Will We Need A Chief Innovation Officer If We Have AI?

AI is predicted to replace many jobs, but is CINO included?


AI is gaining momentum, with both governments and manufacturers intensely preparing for the arrival of Industry 4.0, which is predicted to affect multiple industries and the global job market. Researchers from Oxford University forecasted that 45% of US jobs will be automated within the next 20 years, but can a Chief Innovation Officer role be included on the list?

In some cases, there is a belief that smart factories, digitization, a shift towards cloud computing, and other pillars of Industry 4.0 are only set to affect jobs which perform repetitive tasks, leaving the intellectual and creative workforce safe from AI, but that may not be the case.

Machine learning technology is capable of completing a wide range of analytical and logical tasks, however, as assumptions made by machines are becoming more accurate with time, these start to acquire new forms of thinking which also allows for better outcomes, even if there are not vast amounts of data available. For example, Tuomas Sandholm and Noam Brown from Carnegie Melon University developed an AI-powered poker player - Libratus - that managed to beat four world champion human players. The significance of the breakthrough is arguably more impressive than the first time a computer beat a chess player because aside from analyzing probability and strategic patterns, technology is now capable of bluffing and understanding whether the rival is misinforming it - and this can be applicable in a wide range of industries.

Chief Innovation Officers are mainly responsible for smooth execution of innovation strategies and product development, in the near future, AI may 'ease' some of these duties. In his interview with Forbes, Andrew Ng, Chief Scientist of Baidu, Co-Founder of Coursera, and an Adjunct Professor at Stanford University said that: 'A lot of the art and skill of figuring out where to insert AI is to recognize the business opportunities, where you have a complex system but a lot of these one-second tasks that you might be able to string together automatically.'

So, to what degree can the role of the Chief Innovation Officer be automated?

Research and analysis of new product ideas

This starts with market analysis, where joining forces with a team, a CINO would analyze data on what's new in the market and what kind of opportunities can be extracted based on the market data. This includes a search for methods, approaches, and potential collaborations through open innovation.

With technology, market analysis can be performed faster through BI tools, and it's likely that in the future, the process wouldn't require manual supervision at all, but would be usable in the form of voice commands. As for open innovation, the concept is already operated in the digital space. This would allow a system to avoid manually searching and selecting the right solution submissions it could simply look for specific parameters within submissions and flag them up quickly.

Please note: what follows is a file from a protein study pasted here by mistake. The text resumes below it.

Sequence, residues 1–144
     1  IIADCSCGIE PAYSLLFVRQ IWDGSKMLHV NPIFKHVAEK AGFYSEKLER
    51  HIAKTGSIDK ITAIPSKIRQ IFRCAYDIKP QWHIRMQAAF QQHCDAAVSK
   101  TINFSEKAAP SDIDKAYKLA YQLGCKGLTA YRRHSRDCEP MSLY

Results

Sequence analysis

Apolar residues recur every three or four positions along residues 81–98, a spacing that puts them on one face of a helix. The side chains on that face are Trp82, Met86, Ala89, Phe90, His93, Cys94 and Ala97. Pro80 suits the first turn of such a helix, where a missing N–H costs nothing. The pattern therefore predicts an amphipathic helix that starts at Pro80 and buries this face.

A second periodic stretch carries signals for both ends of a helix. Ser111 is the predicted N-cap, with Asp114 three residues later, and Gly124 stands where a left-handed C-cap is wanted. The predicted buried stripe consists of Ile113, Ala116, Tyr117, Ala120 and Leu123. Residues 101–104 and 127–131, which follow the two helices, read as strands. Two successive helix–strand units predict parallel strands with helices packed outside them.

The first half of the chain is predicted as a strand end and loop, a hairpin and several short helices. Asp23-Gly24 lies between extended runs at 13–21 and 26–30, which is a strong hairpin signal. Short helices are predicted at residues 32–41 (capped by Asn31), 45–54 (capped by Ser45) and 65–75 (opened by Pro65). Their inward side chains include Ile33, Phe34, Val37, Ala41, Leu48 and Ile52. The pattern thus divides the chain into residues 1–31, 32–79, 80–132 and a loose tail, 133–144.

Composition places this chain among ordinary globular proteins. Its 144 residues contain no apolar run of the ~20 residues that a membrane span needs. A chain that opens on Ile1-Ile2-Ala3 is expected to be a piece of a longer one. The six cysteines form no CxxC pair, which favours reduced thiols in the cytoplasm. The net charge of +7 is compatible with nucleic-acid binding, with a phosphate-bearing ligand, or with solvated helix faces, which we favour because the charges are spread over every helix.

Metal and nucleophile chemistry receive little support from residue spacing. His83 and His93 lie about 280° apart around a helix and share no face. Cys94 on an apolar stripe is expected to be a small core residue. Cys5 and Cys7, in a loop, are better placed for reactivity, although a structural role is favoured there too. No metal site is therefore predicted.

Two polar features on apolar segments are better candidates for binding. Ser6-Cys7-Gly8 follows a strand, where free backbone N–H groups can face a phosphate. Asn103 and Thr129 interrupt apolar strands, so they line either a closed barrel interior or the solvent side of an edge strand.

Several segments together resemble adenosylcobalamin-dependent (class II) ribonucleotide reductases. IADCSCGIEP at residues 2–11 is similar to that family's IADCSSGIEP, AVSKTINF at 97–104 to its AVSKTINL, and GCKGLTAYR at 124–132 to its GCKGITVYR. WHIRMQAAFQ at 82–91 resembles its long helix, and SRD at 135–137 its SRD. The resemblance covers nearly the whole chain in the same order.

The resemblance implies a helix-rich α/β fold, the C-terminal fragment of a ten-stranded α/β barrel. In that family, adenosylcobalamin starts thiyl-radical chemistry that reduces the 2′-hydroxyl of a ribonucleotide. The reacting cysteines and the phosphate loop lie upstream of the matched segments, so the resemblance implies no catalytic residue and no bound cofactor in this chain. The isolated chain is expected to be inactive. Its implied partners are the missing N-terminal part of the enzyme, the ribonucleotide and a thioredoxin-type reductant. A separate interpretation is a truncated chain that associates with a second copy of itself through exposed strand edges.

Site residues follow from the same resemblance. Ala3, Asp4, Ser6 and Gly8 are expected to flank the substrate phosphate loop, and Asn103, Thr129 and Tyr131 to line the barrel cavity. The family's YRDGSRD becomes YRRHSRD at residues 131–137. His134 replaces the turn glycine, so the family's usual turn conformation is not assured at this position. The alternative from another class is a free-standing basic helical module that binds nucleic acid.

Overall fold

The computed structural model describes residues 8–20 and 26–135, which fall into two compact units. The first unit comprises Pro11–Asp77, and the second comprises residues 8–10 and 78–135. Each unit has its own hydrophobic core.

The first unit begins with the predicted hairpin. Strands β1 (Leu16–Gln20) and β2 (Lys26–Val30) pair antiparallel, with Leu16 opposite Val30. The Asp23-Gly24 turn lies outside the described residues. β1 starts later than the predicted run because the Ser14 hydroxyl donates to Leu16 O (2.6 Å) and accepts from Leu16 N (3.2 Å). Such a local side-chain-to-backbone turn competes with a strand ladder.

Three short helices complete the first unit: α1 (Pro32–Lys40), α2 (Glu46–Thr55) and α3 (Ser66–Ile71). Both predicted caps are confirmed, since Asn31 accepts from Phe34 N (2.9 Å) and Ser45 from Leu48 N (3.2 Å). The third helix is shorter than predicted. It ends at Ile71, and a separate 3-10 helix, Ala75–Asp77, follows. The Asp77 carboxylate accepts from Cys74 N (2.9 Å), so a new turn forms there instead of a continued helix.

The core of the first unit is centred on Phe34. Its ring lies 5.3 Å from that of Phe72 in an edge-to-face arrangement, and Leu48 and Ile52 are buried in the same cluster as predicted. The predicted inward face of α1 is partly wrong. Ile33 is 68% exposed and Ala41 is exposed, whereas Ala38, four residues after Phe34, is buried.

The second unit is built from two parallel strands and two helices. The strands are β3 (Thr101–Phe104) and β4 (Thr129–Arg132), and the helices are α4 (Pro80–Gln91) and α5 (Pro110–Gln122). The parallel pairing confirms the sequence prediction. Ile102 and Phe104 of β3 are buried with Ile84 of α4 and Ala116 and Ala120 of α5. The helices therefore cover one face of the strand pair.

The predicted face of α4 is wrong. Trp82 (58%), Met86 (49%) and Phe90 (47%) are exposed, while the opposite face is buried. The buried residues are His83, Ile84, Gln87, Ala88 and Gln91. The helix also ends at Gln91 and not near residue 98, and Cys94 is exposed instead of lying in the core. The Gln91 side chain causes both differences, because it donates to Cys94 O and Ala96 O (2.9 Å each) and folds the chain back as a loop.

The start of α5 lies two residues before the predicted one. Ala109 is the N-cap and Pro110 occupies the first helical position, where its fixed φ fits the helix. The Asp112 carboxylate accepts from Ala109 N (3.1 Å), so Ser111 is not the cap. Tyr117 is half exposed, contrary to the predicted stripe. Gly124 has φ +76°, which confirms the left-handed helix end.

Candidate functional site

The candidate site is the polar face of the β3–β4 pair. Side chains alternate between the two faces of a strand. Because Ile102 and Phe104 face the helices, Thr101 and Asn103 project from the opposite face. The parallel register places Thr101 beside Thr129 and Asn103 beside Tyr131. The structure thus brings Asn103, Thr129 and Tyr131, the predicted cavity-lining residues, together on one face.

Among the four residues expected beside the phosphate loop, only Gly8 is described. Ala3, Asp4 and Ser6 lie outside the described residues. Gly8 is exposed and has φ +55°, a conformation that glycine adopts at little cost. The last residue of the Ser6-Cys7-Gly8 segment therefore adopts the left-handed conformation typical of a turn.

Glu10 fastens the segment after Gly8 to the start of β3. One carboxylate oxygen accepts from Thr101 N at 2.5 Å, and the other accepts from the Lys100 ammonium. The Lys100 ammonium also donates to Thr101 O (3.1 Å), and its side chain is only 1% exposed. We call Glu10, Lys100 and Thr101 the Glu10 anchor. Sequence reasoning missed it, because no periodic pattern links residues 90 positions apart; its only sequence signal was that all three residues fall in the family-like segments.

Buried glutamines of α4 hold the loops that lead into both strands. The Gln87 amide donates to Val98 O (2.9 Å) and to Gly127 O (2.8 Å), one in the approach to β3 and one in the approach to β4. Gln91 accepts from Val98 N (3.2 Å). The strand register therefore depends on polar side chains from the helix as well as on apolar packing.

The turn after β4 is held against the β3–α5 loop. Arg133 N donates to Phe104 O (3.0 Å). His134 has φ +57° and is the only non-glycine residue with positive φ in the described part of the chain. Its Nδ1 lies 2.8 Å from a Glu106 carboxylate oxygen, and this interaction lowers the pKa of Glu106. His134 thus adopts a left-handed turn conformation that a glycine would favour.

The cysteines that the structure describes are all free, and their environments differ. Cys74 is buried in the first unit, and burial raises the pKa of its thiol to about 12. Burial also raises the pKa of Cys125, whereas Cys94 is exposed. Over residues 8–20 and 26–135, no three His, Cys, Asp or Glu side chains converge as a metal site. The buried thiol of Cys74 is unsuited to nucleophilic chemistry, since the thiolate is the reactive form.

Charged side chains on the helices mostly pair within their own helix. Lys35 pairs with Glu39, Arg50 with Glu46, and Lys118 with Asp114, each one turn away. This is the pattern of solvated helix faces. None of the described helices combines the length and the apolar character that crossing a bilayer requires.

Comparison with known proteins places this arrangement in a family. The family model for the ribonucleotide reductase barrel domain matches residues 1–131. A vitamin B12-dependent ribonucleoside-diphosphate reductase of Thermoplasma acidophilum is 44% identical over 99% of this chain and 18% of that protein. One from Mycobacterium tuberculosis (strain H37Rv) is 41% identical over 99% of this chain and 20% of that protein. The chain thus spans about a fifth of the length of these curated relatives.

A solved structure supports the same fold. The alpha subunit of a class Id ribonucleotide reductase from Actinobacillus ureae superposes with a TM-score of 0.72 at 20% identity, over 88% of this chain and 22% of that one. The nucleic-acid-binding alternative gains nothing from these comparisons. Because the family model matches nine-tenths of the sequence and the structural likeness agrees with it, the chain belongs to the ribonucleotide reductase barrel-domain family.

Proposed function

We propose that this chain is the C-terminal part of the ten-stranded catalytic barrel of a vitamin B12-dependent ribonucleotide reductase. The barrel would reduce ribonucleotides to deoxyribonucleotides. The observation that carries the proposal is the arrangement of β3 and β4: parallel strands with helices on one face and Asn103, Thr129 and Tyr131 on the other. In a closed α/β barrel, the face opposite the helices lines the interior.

Searching for new market opportunities

The number of products and services that create new markets and keep incumbents on their toes continues to increase. Sometimes, the initiatives introduced by Chief Innovation Officers are capable of keeping problems at bay in the short-term, but even with best practices, new threats are often overlooked. AI's analytical thinking can significantly ease the processing of new trends and products releases, allowing for better strategic planning, where an incumbent would roughly know what they are trying to protect themselves from.

Resource allocation

Building a portfolio, allocating budget and assigning stage-gates can be time-consuming. It's no secret that in the current market conditions, timing is vital, so if there is a chance of not meeting a deadline with a product release, a company risks losing some competitive advantage and a competitor may deliver the same product faster. Assigning smart systems to run tasks like budget allocation and stage-gate controls (which may be complex but arguably within the realms of possibility), CINOs would only be required to link and coordinate automated stages and check on the pre-market prototype.

However, it shouldn't be assumed that CINOs will become obsolete. One of the most important of their duties is to inspire creative thinking and act as a facilitator of teams' aspirations, something that AI hasn't cracked yet and is unlikely to be able to do given the necessity for human interaction. The Chief Innovation Officer is also a communicator who delivers critical product information across other business units and demonstrates that processes are aligned with the main business strategy.

So, as long as robots don't get promoted and take a seat in the C-suite, CINOs are likely to retain their roles, or what will be left of them.


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